A rubber warehouse opposite that still displays the sign of Dunlop. Another sign proudly displays “The Burgess Foundation.”
Created by his widow Liana Burgess in 2003, ten years after the death of her husband, to celebrate the man who is most famously remembered for “A clockwork orange”.
John Anthony Burgess Wilson was born into a poor working class family in Manchester in 1917 and studied at The Victoria University. Simplifying his name to Anthony Burgess on the publication of his first book in 1956 “Time for a Tiger “.
The Foundation contains much of the furniture that was in his house in Bracciano near Rome in Italy and also houses his archive of writings as well as his 250 compositions.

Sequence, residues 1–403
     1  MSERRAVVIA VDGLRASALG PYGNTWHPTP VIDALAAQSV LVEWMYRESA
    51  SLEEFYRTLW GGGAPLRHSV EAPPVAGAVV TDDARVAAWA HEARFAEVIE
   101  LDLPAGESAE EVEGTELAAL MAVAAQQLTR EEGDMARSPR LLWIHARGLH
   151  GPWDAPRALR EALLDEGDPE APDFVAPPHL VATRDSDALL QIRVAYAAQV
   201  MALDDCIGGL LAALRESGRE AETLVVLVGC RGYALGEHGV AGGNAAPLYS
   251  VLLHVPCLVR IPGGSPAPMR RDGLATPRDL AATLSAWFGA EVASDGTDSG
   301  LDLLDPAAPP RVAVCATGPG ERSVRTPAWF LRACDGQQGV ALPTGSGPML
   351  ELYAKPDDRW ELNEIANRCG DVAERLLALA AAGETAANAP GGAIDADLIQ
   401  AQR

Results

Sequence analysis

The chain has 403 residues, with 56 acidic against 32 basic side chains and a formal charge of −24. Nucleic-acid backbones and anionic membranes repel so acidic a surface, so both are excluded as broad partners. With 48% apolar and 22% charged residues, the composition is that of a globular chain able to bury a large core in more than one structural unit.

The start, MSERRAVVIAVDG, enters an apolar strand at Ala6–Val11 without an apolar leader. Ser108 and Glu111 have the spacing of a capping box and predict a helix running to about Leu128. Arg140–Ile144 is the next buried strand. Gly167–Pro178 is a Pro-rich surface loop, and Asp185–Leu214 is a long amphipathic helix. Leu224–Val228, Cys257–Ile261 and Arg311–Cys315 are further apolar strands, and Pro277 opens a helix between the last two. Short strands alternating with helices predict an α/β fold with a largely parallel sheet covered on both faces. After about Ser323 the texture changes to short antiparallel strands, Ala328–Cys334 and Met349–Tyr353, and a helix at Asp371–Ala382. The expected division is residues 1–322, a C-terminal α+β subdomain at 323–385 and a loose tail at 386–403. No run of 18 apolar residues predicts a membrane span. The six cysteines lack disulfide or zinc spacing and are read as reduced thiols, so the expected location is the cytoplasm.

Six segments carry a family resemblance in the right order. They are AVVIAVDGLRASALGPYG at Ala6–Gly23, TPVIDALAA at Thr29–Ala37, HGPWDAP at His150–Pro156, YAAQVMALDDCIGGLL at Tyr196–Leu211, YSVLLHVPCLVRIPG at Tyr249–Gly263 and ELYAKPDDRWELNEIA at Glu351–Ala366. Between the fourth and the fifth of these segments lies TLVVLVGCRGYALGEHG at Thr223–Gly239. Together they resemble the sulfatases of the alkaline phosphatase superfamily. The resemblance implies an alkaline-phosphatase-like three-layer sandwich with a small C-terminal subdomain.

For he considered himself a composer rather than a writer and I remember discussions with Anthony Burgess and Mario Maranzana one of the most important actors in our theatre company at the Ghione Theatre in Rome, about performing a musical of his.
Small world …..having just flown in myself from Rome to Manchester’s superb international airport.
The flight incidentally from Rome to Manchester was much cheaper than the return train fare would have been from London to Manchester!
Importantly the foundation houses his two pianos :one a Steinway K and the other a magnificent Bosendorfer that was used for the concert tonight.
Mark Viner recently made his Wigmore Hall debut as prize winner of the KCT and whose recording of Alkan Studies has been greeted with five star reviews from the press.